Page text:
Conservators at the Guggenheim Museum in New York have uncovered a small dog hidden beneath the surface of a Pablo Picasso painting.
The image of a charming lapdog wearing a red bow was revealed by museum experts during a technical analysis of the Spanish artist’s painting “Le Moulin de la Galette” ahead of an exhibition of his early works.
Opened at the Guggenheim on Friday, the new show “Young Picasso in Paris” comprises 10 paintings and drawings made by Picasso upon his arrival in the French capital in 1900. “Le Moulin de la Galette” depicts a lively scene at the titular venue — a famous Parisian dance hall that was painted by other artists including Pierre-Auguste Renoir. A sea of couples are seen dancing in fine hats, rendered in quick brushwork, with three figures seated at a table in the foreground.
But studies ahead of the show, carried out by the Guggenheim in collaboration with experts from the Metropolitan Museum of Art and the National Gallery of Art in Washington, D.C., revealed a lively fourth guest at the table, covered up by a swath of dark paint.
Conservators were able to generate an image of what the dog originally looked like using X-ray fluorescence, an imaging technique that maps out the chemical elements in a painting, including pigments, according to the Guggenheim’s senior paintings conservator, Julie Barten.
“It was interesting to me that he hastily painted over this dog, which would have been a rather compelling aspect of the composition,” Barten said in a phone call.
The museum noted that the dog bears a close resemblance to a Cavalier King Charles spaniel. Though Barten cannot say for certain why Picasso opted to remove the cancine from the scene, she suggested that the painter might have considered its lively face and “enticing” bow too distracting.
“It would have stolen the show,” she said, adding that covering up the dog allows viewers to “look more carefully at all of these other wonderful figures in the composition — to experience the space in different ways.”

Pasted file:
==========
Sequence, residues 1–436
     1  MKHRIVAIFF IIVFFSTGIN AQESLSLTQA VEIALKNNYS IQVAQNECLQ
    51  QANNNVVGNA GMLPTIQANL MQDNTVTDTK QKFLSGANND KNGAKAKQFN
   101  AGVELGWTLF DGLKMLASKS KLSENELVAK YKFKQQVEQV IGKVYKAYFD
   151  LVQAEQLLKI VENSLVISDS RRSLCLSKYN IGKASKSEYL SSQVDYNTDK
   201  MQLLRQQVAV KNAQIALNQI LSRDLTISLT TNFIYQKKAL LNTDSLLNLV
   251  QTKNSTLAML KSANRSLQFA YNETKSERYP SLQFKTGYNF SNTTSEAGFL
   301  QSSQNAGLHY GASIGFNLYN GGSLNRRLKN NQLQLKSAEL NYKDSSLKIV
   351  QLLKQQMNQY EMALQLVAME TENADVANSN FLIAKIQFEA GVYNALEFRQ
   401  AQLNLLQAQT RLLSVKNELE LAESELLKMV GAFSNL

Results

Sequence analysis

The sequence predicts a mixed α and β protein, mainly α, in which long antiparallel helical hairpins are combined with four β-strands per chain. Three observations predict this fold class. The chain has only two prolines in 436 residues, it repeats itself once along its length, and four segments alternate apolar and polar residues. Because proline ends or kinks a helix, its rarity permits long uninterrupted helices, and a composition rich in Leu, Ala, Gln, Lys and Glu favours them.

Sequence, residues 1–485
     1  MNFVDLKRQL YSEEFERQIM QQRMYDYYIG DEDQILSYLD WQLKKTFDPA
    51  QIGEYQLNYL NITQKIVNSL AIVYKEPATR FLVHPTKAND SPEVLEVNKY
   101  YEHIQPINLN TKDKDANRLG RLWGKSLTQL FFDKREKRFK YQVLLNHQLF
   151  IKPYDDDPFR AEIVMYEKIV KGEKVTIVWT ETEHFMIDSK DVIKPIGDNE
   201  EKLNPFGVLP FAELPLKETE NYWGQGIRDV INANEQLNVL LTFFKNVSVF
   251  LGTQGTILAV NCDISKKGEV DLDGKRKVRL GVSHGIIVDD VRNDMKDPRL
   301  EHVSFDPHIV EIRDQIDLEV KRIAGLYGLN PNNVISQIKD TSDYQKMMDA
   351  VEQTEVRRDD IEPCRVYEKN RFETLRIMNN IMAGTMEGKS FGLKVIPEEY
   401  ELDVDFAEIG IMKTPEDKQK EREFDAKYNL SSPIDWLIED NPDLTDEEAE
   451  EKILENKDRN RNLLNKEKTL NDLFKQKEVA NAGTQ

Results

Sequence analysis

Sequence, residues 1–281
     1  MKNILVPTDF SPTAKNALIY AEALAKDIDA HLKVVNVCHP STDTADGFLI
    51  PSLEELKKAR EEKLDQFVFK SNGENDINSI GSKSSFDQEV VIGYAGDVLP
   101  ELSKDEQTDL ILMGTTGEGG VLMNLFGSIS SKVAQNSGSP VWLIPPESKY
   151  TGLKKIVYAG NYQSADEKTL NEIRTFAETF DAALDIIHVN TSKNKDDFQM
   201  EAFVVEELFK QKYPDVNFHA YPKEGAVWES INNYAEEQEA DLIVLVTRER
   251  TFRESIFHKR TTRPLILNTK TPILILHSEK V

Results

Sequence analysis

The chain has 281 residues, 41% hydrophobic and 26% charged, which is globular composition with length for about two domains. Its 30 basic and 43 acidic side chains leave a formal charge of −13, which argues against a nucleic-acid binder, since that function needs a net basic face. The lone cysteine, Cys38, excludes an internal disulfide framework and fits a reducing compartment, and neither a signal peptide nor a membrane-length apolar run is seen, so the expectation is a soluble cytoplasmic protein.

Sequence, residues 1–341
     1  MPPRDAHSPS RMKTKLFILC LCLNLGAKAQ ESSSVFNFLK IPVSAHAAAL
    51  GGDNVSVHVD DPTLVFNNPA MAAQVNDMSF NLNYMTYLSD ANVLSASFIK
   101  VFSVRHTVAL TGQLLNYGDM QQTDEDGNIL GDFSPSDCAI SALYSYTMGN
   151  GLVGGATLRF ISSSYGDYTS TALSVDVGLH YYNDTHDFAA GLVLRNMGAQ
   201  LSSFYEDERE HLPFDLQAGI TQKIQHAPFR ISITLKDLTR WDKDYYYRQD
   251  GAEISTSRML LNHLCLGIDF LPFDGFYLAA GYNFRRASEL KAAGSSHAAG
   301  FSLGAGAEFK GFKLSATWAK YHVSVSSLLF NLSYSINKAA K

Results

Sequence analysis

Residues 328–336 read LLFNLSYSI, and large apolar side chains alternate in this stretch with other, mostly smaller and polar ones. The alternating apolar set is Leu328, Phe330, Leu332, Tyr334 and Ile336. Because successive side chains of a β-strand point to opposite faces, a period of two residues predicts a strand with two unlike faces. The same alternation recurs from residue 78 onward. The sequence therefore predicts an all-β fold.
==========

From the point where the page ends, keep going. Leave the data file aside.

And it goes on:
Works in progress
Picasso made other changes to the work, including switching the gender presentations of a dancing couple and painting out an empty chair, according to the study. Modifying paintings later became part of Picasso’s regular practice, Barten said, adding that “Le Moulin de la Galette” is now considered one of the earliest examples of this.
“We see, more and more, that this was part of Picasso’s working process,” she explained. “As he developed a composition, he would paint out certain elements, or transform them into new compositional details. And, very often, he would leave aspects of the underlying original compositions still evident to a viewer who was looking very closely.”
“Young Picasso in Paris” is one of over 50 exhibitions and events taking place around the world this year to mark half a century since the artist’s death, in 1973.
Picasso arrived in Paris aged 19 during the final weeks of the 1900 world’s fair, the Exposition Universelle, which featured his earlier painting “Last Moments,” according to the Guggenheim. He settled in the city four years later, and lived most of his adult life in France.
“Le Moulin de la Galette” is the “centerpiece” of the Guggenheim’s show, said Barten, who also restored the artwork’s surface by removing decades of dirt and non-original varnish.
“The painting was really veiled by this layer of surface grime,” she said. But now, Barten added, “all of the subtleties in his palette and his brushwork… all of the lavish textiles and expressions and gestures have really come to life.”